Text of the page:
Western activists for Palestinians, Mor added, “are dedicated to two nearly theological precepts: that Israel is evil, and that no Palestinian action is ever connected to any Palestinian outcome”.

Thus, for such ideological extremists, many of whom are granted platforms at the Guardian, the suffering of Gazans in the war that followed the medieval savagery meted out to Jews on that dark Shabbat day could never be connected to the decisions of Hamas leaders and their executioners – those who burst through the fences protecting peaceful communities like Be’eri, Kfar Aza and Kissufim to commit unspeakable crimes in the service of a fanatical ideology.

A recent Guardian column by Nesrine Malik ("In Gaza, there’s a war on women. Will the West really ignore it because they’re ‘not like us’?") is typical of the outlet’s content over the past four months, save the fact that Malik is speaking as a woman who’s putatively particularly incensed by war crimes committed against her own sex – except, well, not quite.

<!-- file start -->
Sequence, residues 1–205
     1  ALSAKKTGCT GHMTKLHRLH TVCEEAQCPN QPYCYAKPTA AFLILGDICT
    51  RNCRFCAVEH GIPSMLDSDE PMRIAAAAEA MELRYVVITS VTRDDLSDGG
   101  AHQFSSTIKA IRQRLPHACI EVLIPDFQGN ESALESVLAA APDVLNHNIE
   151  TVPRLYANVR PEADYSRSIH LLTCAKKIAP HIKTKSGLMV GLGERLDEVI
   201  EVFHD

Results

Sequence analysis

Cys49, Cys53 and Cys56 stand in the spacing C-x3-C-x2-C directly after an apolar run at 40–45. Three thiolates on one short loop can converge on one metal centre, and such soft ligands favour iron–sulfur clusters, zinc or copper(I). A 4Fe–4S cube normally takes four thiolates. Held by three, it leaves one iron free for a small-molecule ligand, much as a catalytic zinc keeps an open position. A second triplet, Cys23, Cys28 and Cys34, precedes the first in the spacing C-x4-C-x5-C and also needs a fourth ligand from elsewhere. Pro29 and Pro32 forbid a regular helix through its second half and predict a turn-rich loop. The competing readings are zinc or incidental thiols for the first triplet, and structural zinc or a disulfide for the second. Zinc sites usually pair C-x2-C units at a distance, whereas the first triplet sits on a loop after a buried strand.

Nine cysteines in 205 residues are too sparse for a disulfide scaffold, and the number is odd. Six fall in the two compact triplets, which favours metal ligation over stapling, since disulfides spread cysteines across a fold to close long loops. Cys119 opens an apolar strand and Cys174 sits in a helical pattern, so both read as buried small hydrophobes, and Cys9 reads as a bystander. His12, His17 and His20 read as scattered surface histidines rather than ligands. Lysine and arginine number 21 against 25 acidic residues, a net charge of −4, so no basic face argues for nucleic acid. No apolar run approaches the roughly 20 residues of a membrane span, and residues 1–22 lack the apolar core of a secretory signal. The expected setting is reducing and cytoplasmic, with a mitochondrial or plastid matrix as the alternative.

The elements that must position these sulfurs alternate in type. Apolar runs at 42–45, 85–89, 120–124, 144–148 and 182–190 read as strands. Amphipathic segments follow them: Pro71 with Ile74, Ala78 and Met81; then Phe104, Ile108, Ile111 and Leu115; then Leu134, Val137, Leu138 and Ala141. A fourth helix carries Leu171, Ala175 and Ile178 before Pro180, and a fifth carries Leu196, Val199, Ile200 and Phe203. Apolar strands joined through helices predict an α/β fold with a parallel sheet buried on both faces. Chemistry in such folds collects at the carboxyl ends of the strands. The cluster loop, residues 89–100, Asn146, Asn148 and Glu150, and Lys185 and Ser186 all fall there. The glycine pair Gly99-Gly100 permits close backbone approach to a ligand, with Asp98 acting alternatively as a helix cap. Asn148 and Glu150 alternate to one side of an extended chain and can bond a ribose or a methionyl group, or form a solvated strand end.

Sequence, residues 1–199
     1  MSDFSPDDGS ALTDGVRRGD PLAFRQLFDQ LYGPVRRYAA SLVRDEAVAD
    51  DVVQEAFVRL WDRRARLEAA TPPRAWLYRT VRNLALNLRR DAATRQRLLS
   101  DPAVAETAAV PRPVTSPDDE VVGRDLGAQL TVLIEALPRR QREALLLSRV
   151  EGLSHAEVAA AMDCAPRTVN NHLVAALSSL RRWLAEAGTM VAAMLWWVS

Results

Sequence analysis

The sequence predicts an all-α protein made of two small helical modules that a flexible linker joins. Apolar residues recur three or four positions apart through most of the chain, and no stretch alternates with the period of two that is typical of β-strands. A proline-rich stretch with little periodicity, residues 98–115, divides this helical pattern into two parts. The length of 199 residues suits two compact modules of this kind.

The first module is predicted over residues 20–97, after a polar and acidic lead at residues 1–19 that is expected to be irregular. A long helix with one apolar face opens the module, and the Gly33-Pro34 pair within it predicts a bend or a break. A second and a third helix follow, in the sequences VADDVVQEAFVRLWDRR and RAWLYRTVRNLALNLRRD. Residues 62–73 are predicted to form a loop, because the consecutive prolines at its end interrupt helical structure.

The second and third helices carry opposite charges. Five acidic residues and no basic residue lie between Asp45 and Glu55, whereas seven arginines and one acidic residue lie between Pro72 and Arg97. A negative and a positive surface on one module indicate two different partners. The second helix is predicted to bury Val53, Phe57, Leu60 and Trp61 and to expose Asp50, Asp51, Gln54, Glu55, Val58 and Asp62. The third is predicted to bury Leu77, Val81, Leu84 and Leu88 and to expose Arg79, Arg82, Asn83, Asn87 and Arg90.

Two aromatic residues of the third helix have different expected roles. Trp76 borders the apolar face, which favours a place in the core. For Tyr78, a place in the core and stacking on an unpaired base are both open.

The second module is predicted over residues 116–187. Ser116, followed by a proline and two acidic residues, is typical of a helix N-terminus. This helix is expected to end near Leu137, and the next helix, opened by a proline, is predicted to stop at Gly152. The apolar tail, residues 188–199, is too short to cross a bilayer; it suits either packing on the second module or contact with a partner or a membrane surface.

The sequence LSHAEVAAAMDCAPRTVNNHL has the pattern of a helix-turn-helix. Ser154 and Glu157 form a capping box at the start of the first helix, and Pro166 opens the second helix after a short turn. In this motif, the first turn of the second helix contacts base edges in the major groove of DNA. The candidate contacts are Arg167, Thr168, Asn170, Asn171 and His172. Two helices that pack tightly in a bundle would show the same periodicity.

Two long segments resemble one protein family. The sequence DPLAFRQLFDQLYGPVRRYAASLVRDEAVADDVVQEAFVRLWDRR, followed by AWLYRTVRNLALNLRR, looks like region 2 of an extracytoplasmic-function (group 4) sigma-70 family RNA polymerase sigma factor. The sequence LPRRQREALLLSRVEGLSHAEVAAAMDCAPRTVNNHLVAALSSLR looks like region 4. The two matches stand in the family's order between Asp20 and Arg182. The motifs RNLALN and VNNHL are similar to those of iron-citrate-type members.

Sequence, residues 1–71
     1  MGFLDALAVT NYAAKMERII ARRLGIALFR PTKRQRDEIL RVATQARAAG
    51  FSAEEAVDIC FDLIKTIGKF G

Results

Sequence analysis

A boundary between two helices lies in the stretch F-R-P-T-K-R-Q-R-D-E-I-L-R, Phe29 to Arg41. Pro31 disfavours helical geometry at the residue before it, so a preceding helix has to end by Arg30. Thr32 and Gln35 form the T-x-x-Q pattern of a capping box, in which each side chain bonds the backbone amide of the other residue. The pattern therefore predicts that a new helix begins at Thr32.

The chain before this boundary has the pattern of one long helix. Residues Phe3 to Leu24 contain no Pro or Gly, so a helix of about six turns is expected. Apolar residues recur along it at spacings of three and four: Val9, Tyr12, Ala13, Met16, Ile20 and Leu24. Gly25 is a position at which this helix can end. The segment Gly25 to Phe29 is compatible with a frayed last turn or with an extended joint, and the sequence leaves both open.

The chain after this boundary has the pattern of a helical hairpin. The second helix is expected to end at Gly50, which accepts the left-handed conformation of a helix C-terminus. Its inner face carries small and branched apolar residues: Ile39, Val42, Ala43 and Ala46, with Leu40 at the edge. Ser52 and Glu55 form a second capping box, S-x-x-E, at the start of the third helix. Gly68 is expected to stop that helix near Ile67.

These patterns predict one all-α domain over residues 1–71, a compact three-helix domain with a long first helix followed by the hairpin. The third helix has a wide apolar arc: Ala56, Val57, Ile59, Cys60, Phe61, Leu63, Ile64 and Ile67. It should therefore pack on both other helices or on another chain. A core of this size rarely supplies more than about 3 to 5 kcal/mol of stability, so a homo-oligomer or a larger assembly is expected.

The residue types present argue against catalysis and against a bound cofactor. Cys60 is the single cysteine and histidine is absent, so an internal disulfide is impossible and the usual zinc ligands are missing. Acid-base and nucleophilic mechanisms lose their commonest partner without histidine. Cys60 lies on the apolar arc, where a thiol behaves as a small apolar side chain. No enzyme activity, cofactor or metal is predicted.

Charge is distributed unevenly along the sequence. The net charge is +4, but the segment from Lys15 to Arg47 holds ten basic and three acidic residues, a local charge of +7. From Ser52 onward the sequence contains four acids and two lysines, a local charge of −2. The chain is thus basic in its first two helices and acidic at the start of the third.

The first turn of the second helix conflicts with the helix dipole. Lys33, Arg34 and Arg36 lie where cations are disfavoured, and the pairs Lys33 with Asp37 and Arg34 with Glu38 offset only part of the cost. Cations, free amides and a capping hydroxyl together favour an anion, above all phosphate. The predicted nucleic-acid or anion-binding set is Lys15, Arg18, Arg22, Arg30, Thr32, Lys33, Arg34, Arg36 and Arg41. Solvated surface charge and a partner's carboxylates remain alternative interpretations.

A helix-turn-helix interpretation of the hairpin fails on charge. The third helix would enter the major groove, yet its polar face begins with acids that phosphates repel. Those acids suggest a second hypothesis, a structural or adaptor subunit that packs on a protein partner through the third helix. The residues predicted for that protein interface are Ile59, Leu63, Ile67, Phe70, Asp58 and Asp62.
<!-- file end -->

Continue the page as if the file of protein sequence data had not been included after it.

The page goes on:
So extreme is her contempt for Israel and Israelis, that she devotes a 1,000-word column to the suffering of women during the conflict and focuses entirely on women in Gaza while ignoring the systemic rape, murder, torture, and sexual mutilation of Israeli women and girls.  Her piece does include five words mentioning sexual violence by Hamas, but the context is to accuse pro-Israelis of weaponising such crimes to “void sympathy for those in Gaza”.

Unlike most columnists at the outlet, Malik doesn’t even attempt a proper moral throat-clearing – the act of clearly condemning Hamas’s violence before pivoting to the desired vilification of Israel.

Though her description of the challenges faced by women, particularly pregnant women, in the war-ravaged territory is harrowing, if you read the entire piece – which is framed as the Israeli ‘war against women’ – it’s clear that Malik’s aim is to deflect attention away from Hamas terrorists who participated in indescribably cruel sexual violence against Jewish women and children by imagining that it’s Israelis who are engaged in a project of misogynistic brutality.